Author's Note: I am moving Beyond Aperture as well as my other stories to Archive of Our Own. You can find me on there under ChocolateCoveredPortals.
If Chell hadn't found the portal gun, she wouldn't have been able to get through the narrow grating-a tiny airway in the office wall, a part of the ventilation system that she could never have squeezed into, even without the bulk of the hazard suit in the way. With the portal gun, though, the impossible became a simple matter.
She fired one portal through the grate, another one on the wall next to her, and stepped through. The room was circular, dim, and smelled of fried electronics. In the centre was a large, blocky bit of machinery hanging from the ceiling. It looked like an older version of Her, Chell thought. She frowned for a moment, but then thought of something.
Just maybe she wouldn't have to face GLaDOS. If this-thing was somehow an older version of the chassis, just maybe...
She approached it. The screen on the front remained blank, and on the flat bit was the remains of what was once a bird's nest. With one hand, Chell swept it onto the floor, then used her fingertips to pick out any remaining twigs from the innards of the keyboard.
Something pecked her. She spun around, cursing herself for being inattentive, and was faced with a large bird. It was humongous- its wingspan was easily three feet across, its glossy black feathers shined blue and purple in some places, and it was right in her face. Before she could think, her hand shot out and smacked the bird right across one of its wings. It screeched in pain, drifting down to the floor before lifting itself back up and diving for her again.
The second time, Chell hit it with the butt of the portal gun. This time, it'd had enough. With a last angry screech of pain, it flew out a nearby window.
She took a few moments to recompose herself, eyes searching every corner of the room to make sure that there wasn't another bird hiding in the shadows, ready to dive-bomb her for whatever reason.
And then she turned back to the computer. To the blinking amber cursor on the screen. Enter Password.
She struggled for a few moments, trying to force her brain to connect with something that she had seen nearly five hundred years ago. The dull throbbing behind her eyes started up again, and grinding her teeth just made the pain worse. She closed her eyes, imagining herself back then, angry at Aperture and angry at the world and wanting nothing more than to escape. The scribblings on the wall...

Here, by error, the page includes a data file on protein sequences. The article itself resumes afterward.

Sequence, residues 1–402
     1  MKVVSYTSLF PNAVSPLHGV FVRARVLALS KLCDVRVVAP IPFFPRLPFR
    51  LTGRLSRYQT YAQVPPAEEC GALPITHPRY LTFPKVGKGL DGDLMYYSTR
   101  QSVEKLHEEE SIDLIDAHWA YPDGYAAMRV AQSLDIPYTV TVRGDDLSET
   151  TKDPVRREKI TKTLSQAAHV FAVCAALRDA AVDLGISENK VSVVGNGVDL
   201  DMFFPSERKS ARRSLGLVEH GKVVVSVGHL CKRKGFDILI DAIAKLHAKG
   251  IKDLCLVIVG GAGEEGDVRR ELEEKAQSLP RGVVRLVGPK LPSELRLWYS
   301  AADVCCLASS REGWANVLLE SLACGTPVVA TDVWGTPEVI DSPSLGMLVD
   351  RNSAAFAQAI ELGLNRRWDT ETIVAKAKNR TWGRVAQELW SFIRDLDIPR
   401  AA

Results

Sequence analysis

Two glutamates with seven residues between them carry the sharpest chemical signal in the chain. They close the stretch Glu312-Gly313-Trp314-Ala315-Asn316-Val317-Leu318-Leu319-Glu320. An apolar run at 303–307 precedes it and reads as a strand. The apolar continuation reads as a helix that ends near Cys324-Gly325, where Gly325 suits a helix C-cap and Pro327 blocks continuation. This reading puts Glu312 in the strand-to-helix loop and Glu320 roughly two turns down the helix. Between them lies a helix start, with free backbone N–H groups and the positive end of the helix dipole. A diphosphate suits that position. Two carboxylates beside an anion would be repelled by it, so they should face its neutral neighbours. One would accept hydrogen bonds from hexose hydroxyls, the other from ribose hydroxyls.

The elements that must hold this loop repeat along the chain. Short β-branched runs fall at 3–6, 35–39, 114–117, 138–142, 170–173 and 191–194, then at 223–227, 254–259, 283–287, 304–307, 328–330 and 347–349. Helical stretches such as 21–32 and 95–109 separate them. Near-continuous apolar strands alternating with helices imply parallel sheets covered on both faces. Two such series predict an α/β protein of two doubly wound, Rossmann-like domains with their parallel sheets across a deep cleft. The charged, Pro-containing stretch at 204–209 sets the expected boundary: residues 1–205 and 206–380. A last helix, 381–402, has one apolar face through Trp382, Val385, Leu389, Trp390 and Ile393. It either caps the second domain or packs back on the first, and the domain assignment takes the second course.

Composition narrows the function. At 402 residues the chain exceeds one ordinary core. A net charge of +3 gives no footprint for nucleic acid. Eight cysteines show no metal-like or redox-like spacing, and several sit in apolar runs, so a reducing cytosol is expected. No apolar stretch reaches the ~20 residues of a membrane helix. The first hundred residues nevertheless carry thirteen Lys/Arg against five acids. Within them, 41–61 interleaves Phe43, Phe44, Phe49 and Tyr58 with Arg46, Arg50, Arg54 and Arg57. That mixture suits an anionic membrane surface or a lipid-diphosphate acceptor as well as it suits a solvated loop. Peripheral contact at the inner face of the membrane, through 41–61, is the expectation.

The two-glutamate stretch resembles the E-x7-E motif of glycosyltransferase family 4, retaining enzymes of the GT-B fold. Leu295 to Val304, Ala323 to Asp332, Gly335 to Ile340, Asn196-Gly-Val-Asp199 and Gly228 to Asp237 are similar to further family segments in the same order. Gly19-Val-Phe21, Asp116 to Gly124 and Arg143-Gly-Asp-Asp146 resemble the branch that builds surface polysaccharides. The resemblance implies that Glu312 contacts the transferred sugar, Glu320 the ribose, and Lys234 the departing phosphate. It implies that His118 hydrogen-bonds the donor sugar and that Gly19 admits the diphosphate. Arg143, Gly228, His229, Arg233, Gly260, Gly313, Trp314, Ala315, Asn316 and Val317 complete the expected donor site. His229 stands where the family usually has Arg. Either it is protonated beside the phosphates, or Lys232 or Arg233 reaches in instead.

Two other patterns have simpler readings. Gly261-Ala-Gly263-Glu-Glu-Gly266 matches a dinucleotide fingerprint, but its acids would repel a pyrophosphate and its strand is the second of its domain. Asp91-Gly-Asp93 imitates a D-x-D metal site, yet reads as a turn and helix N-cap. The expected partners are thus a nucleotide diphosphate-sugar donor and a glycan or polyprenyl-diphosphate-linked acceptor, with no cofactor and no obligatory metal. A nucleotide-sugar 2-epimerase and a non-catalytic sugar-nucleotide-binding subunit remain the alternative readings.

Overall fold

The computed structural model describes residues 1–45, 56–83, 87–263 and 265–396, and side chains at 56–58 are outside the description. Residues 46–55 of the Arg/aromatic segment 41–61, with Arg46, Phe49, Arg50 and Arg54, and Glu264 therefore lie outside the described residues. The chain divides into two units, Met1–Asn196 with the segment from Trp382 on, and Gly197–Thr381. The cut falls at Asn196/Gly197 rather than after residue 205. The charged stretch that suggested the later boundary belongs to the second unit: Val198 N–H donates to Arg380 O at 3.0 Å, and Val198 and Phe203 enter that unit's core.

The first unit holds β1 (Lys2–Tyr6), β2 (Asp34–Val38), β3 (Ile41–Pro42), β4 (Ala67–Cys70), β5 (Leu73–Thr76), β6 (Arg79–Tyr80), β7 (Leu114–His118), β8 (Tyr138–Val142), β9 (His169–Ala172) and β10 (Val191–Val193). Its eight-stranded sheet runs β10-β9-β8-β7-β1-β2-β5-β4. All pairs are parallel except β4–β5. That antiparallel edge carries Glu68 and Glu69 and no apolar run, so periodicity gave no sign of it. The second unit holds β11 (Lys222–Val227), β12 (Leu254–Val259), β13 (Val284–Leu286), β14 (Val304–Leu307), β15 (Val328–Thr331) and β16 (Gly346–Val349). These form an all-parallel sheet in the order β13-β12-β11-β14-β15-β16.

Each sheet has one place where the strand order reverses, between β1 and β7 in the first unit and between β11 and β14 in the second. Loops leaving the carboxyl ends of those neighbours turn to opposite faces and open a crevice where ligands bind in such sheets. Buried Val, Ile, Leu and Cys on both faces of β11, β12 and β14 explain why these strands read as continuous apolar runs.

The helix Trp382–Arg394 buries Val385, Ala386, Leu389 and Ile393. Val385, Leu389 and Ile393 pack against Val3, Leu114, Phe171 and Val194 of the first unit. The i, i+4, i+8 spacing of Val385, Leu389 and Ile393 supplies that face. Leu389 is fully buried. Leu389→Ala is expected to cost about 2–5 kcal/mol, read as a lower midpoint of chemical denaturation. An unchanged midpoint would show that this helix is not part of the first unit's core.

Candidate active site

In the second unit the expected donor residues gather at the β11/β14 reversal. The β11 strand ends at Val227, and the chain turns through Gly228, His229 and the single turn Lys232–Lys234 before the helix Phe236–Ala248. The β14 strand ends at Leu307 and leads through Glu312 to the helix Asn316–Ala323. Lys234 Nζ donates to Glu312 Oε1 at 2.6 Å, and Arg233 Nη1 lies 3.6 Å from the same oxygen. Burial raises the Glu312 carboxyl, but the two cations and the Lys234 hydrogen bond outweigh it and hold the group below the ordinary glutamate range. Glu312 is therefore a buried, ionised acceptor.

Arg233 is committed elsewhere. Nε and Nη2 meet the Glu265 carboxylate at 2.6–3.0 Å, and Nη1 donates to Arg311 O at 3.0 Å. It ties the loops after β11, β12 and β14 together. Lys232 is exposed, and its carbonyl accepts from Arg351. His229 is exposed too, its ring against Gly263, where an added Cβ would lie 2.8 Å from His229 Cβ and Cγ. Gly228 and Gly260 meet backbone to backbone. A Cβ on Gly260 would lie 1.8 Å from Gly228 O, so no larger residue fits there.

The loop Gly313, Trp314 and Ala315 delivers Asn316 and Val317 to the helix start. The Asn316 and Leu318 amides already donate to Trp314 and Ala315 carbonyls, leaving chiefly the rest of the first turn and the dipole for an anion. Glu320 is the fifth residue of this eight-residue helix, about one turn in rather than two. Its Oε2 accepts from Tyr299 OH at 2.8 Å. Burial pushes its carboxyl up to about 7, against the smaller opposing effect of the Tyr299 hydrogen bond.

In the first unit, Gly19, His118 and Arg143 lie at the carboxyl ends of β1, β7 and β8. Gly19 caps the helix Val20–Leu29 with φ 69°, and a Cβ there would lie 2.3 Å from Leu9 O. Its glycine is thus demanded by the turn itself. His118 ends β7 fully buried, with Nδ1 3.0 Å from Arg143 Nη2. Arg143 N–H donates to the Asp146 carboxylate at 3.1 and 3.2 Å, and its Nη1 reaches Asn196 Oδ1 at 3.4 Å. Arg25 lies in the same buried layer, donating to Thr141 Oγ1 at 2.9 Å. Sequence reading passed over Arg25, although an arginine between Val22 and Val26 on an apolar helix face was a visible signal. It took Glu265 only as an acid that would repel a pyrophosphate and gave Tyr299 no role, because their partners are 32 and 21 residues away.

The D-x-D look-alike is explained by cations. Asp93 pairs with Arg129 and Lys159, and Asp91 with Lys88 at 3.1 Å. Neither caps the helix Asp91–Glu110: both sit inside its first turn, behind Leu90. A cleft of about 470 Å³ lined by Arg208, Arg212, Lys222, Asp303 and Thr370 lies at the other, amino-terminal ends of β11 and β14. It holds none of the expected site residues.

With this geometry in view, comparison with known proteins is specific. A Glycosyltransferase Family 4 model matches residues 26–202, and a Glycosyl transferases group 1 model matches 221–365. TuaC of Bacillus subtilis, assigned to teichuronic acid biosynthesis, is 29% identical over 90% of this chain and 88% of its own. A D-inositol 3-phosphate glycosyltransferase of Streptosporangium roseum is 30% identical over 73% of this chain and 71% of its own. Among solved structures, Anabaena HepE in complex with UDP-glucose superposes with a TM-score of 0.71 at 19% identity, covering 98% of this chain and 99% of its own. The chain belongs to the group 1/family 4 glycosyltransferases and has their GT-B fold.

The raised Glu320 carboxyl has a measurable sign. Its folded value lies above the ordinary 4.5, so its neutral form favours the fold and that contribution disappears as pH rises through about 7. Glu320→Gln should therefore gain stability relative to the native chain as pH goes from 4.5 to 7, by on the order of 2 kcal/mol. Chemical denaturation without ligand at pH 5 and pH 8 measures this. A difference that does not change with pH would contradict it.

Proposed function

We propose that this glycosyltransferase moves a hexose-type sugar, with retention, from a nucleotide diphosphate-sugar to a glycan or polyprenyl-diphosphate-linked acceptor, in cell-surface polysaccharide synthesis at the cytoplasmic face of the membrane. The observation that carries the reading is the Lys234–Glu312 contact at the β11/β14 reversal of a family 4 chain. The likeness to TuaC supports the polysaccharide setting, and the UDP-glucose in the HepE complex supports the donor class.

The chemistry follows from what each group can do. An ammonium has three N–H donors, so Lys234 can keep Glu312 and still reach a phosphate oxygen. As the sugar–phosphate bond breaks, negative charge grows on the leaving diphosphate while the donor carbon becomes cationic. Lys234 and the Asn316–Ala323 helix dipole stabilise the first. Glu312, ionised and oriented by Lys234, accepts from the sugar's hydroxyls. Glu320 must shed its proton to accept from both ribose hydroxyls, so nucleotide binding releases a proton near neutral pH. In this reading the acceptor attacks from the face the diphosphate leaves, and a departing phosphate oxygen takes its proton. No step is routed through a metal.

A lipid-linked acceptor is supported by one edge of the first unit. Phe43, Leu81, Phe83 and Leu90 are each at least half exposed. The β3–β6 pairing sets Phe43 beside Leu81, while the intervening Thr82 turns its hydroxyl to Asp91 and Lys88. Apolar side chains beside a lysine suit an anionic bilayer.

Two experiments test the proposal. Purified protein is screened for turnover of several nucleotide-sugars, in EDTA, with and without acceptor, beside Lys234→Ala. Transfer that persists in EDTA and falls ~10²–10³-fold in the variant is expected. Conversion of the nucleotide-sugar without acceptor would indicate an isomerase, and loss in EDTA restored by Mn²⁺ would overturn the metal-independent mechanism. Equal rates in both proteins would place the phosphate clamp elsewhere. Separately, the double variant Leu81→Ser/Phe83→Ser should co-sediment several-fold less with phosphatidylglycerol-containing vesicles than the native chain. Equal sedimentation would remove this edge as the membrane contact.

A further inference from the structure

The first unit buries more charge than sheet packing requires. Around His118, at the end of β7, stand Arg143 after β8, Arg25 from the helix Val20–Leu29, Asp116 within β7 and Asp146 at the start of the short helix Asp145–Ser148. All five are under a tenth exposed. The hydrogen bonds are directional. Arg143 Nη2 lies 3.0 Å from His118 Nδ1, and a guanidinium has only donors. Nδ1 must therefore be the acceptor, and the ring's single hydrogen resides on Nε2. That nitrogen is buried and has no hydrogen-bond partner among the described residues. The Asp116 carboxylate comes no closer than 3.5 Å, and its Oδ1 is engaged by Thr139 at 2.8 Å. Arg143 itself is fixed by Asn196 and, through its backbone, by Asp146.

Chell jerked her head upward as the synapses in her brain connected, and she began to type: tier3.
It had been a month since Chell had left.
Wheatley raised his optic, staring at the screen hanging on the wall in front of him. The television was huge - far larger than the one Chell had. Still, he wished he was home. He'd give up television entirely if it meant she'd come home.
A three-legged, yellow-green creature with a single compound eye walked into the room, jumping up on the sofa beside the sphere and whining softly.
"Ah, bloody-" But Wheatley couldn't bring himself to actually be upset. The houndeye only wanted to be friends.
Over and over, he remembered it clearly. "But for me, lady, I'm never setting foot- rail, rail, I sometimes use human metaphors for no reason- in that place again."
And now Chell was gone, and he didn't know if she was going to return.
He shuddered, squeezing his optic shut, wishing once more that he wasn't such a bloody coward. Not like that bloke that was on the TV show he was watching-Gordon Freeman. Now there was somebody he could look up to. A proper hero, him. Like Chell, almost-well, except that Gordon had a beard and glasses and Chell didn't. And of course Gordon didn't have anything on his lady, Wheatley thought with a touch of pride.
But still, those two were brave. Proper heroes, them. And he wasn't.
On the small CRT monitor, lines and lines of scrolling text flashed past Chell's eyes, far too quick for her to even attempt to read. She doubted she'd be able to understand it anyways. Working with computers wasn't exactly one of her greatest talents; she didn't even have one at home.
Maybe, after this was over, she'd get one.
After this was over. If she survived. At the moment, it seemed the odds were stacked against her, and a nearly-overwhelming sense of hopelessness washed over her. It didn't last long though; she shoved it out of her mind, telling herself that she'd survived Aperture before and that she could do it once more.